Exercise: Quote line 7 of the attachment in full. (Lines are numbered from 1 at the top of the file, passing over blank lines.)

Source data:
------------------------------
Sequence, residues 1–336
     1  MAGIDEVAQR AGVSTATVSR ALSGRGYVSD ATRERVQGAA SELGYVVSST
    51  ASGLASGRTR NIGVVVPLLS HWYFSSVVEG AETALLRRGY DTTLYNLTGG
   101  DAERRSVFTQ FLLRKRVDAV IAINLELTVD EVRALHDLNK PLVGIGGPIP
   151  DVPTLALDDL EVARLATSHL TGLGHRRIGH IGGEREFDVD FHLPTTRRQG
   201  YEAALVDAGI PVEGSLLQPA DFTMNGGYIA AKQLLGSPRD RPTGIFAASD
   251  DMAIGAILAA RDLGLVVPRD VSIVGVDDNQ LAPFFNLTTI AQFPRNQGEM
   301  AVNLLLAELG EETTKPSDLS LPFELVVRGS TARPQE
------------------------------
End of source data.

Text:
   251  DMAIGAILAA RDLGLVVPRD VSIVGVDDNQ LAPFFNLTTI AQFPRNQGEM